January 10, 2017
Sectional Titles was introduced to the South African legal system in 1971 with the introduction of the first Sectional Titles Act, 66 of 1971, which act was later replaced by the current Sectional Titles Act, 95 of 1986 (STA). The current act stays in place as far as the registration of schemes are concerned and remains under the jurisdiction of the Department Rural Development and Land Reform.
However, the management part of the current act is now repealed and replaced by the Sectional Titles Schemes Management Act, 8 of 2011 (STSMA), which act was proclaimed to commence on 7 October 2016. This act should also be read with the Community Schemes Ombud Service Act, 9 of 2011 (CSOSA). (The latter is applicable to all Community Schemes and not just Sectional Titles.)
Purpose of the act:
To separate the provisions of the STA that pertain to registration and survey matters from those that pertain to governance and administration.
What is new?
Among others, some of the significant or interesting changes that influence the daily lives of Sectional Title owners and occupants can be summarized as follows:
The act distinguishes between the Administrative and Reserve Funds of the Body Corporate. The Body Corporate must establish and maintain an Administrative fund reasonably sufficient to cover the estimated annual operating costs of the scheme and must be used for this purpose in accordance with the approved budget and trustee resolutions.
One of the most significant changes in the STSMA is that a Body Corporate must now establish and maintain a Reserve Fund, reasonably sufficient to cover the costs of future maintenance and repair of common property, but not less as such amounts that may be prescribed by the Minister. At this point it is suggested that it will be required to set aside 25% of the budgeted annual levy figure.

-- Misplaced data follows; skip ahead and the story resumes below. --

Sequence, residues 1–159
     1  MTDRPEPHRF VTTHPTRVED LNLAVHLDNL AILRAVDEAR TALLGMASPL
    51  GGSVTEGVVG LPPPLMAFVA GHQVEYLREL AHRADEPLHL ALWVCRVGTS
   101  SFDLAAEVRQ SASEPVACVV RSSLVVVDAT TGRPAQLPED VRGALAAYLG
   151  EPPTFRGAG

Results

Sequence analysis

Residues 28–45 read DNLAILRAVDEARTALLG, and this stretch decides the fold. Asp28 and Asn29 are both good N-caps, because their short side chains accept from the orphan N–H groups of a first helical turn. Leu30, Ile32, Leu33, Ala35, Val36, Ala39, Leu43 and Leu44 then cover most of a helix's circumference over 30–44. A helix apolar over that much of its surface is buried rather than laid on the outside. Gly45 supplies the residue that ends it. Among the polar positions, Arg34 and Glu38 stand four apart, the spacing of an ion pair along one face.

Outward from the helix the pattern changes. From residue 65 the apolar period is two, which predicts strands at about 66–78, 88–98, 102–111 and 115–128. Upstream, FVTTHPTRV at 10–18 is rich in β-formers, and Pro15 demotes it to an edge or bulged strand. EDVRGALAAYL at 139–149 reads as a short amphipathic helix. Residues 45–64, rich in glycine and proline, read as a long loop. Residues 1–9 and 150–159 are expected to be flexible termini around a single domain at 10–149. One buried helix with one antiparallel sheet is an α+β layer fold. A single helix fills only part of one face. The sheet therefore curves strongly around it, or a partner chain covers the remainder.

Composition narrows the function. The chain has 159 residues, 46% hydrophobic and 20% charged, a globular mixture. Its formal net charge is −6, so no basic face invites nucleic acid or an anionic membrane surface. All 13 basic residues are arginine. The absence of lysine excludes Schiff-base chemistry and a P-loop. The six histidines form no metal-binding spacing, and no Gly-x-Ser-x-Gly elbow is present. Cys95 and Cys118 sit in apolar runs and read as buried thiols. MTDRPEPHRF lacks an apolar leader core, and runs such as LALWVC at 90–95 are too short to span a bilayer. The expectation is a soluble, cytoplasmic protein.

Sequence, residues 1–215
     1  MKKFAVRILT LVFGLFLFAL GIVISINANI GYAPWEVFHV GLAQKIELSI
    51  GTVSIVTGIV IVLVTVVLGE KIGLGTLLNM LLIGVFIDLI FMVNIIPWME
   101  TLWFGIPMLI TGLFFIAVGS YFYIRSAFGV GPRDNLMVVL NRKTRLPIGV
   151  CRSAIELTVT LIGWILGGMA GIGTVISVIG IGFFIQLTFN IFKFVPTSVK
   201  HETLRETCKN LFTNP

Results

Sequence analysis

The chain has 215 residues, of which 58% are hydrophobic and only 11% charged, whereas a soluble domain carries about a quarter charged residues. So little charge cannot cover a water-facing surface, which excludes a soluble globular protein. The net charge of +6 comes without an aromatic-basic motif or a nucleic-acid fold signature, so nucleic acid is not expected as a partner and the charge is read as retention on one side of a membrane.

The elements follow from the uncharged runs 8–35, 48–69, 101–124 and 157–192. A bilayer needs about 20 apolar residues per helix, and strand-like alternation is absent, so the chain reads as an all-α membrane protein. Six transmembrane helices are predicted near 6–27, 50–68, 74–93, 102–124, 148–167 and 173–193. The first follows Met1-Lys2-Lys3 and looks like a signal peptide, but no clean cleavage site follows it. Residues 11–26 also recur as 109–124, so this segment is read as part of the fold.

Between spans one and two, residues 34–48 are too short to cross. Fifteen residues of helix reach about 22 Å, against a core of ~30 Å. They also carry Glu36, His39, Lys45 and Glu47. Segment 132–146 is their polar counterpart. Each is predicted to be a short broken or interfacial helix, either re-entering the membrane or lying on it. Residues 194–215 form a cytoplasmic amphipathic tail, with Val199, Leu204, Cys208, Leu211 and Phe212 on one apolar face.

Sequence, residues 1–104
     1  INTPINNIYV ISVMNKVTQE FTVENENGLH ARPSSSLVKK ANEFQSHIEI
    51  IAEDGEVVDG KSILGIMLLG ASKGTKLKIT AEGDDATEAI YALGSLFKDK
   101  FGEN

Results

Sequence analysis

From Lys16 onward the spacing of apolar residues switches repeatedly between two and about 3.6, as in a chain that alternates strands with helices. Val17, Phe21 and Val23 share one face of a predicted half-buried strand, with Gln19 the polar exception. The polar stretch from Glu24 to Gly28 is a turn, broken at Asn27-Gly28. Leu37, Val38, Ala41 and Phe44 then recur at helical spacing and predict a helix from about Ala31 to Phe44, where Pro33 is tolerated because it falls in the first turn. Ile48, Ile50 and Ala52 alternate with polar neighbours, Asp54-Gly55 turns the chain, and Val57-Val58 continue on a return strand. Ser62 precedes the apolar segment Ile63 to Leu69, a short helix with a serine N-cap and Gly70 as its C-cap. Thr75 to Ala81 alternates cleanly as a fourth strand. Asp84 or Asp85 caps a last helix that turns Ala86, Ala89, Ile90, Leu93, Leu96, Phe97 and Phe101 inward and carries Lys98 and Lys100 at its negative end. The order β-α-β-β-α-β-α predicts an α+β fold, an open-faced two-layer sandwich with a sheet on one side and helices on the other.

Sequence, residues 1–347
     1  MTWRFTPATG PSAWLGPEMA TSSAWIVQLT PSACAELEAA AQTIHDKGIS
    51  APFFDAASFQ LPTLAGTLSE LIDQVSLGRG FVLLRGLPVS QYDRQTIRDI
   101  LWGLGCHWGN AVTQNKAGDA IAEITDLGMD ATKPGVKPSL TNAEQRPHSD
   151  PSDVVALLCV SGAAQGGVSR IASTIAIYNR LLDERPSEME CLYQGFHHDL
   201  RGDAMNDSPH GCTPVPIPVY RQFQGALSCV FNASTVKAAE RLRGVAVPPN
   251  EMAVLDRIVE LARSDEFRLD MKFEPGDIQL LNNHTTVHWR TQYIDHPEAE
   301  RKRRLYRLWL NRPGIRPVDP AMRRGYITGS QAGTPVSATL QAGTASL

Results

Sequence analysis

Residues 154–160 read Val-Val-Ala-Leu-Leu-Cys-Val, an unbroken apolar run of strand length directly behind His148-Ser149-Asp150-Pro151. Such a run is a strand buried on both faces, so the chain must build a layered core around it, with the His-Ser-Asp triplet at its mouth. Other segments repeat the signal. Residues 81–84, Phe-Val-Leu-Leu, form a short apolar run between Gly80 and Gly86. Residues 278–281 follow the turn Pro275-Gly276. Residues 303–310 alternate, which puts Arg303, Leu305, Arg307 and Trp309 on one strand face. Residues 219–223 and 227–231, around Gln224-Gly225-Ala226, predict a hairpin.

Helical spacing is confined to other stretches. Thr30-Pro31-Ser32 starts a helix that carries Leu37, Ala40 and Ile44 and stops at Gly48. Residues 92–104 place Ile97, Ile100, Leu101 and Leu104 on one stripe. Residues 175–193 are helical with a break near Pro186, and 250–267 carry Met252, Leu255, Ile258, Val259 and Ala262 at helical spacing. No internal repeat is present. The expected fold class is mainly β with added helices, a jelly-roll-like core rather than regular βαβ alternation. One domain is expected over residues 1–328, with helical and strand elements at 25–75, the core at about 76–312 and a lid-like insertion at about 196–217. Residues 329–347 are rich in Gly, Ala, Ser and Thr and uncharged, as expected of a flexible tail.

10 year Maintenance, Repair and Replacement Plan:
The Body Corporate must prepare a written maintenance, repair and replacement plan setting out the following:
- Major capital items expected to require maintenance, repair and replacement within the next 10 years.
- The present condition or state of repair of those items.
- The time when those items will need to be maintained, repaired or replaced.
- The estimated costs thereof.
- The expected life of such items before costs is expected to be incurred.
- Any other information that may be relevant.
Payment of levy to the Community Schemes Ombud Service:
In terms of CSOSA all community schemes are now obliged to make a contribution to the Chief Ombud in the form of a levy. The levy is calculated at 2% of the amount by which the monthly levy exceeds R500, but is capped at a maximum of R40 per month. The levies must be collected by the Community Scheme and paid over to the Ombud quarterly as from January 2017.